New York State Department of Labor (NYSDOL) Commissioner Roberta Reardon today issued an order accepting the recommendation of the Farm Laborers Wage Board to lower the current 60-hour threshold for overtime pay to 40 hours per week by January 1, 2032, allowing 10 years to phase in the new threshold. The Board included its recommendation in a report that the Board voted to advance to the Commissioner during its final meeting on September 6, 2022, following a two-year process and 14 public meetings and hearings. Following a rulemaking process to enact the Commissioner's Order, farm work in excess of 40 hours per week would be required to be compensated at overtime rates, as it is in other occupations.
“I thank the Farm Laborers Wage Board and all New Yorkers who provided insight and input during this inclusive process,” said New York State Department of Labor Commissioner Roberta Reardon. “I come from a farm community myself, so I know how important the agricultural sector is to the New York State economy. Based on the findings, I feel the Farm Laborers Wage Board’s recommendations are the best path forward to ensure equity for farm workers and success for agricultural businesses.”
Beginning in 2020, the Board held public hearings to gather testimony from farm owners, workers, advocacy groups, and academic researchers. Recordings of these hearings and additional materials are available on the NYSDOL’s Farm Laborers Wage Board webpage. The report released on September 6 documents and summarizes the Board’s process and its findings. The Board was convened pursuant to the Farm Laborers Fair Labor Practices Act passed by the New York State Legislature and signed by the Governor in 2019.
The Board’s report recommended that the reduction in overtime hours take place by reducing the overtime work limit by 4 hours every other year beginning in 2024 until reaching 40 hours in 2032, giving agriculture businesses proper time to adjust.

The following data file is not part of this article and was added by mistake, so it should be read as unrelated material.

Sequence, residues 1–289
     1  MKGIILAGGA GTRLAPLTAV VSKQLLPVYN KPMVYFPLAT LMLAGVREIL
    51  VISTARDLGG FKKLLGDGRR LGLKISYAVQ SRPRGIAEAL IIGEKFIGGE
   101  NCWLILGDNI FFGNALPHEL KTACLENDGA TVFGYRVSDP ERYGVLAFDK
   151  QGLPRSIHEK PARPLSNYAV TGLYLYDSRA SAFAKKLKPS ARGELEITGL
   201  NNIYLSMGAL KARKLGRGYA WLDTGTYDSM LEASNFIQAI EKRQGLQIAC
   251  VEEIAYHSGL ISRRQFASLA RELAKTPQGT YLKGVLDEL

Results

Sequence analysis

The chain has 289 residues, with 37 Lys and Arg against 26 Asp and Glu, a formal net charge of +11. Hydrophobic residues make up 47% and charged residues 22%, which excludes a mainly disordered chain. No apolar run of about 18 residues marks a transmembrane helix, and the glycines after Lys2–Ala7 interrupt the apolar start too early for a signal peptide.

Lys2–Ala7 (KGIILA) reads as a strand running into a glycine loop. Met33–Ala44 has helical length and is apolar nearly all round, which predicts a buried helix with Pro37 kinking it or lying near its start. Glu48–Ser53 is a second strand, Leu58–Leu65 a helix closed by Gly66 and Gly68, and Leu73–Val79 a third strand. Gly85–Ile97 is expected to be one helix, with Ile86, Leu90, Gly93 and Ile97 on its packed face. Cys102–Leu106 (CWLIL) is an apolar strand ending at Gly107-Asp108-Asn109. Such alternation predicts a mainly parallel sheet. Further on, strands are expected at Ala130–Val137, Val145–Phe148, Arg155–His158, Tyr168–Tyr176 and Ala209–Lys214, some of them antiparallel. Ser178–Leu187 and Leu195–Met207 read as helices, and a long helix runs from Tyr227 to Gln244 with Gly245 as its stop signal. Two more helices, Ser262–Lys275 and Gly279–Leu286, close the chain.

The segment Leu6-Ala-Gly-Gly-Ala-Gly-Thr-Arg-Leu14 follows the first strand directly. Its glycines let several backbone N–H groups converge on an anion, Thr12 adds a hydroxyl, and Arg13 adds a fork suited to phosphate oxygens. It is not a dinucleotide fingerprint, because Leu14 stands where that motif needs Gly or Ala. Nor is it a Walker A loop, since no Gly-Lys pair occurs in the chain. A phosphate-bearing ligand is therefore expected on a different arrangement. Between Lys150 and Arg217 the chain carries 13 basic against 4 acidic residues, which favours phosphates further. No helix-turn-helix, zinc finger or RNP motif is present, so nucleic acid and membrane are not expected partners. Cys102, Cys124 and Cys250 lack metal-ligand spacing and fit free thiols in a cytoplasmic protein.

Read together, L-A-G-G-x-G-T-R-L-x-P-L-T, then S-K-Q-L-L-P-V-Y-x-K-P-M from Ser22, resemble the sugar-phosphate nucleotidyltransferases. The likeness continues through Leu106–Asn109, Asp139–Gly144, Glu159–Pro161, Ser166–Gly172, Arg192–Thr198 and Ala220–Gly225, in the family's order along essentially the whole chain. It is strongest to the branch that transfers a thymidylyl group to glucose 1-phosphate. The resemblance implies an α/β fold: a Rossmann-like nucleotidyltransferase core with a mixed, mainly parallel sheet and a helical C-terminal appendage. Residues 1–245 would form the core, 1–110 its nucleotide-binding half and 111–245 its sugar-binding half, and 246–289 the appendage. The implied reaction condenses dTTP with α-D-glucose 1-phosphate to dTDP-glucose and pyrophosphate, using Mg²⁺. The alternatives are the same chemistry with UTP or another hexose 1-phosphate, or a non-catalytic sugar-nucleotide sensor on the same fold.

During the course of the Board's deliberations in 2022, the Governor and Legislature enacted three new tax credits to assist farm employers in transitioning to a lower overtime standard.
- The Investment Tax Credit was increased from 4 percent to 20 percent for farm businesses, providing an encouragement for potential automation of farm production.
- The Farm Workforce Retention Tax Credit was increased to $1,200 per employee to provide near-term relief to farmers.
- Most importantly, a new refundable overtime tax credit was established for overtime hours paid by farm employers at the level established by the Board and confirmed by the Commissioner up to 60 hours.
The Board noted that these actions by the Governor and Legislature were supportive of food production and provided a means for farms to transition to a lower overtime standard.
NYSDOL will now be undergoing a rule making process which will include a 60-day public comment period. Further details about the rulemaking process will be posted on the NYSDOL’s Farm Laborers Wage Board webpage.
More information on the Farm Laborers Wage Board process and next steps can be found on NYSDOL’s Farm Laborers Wage Board webpage.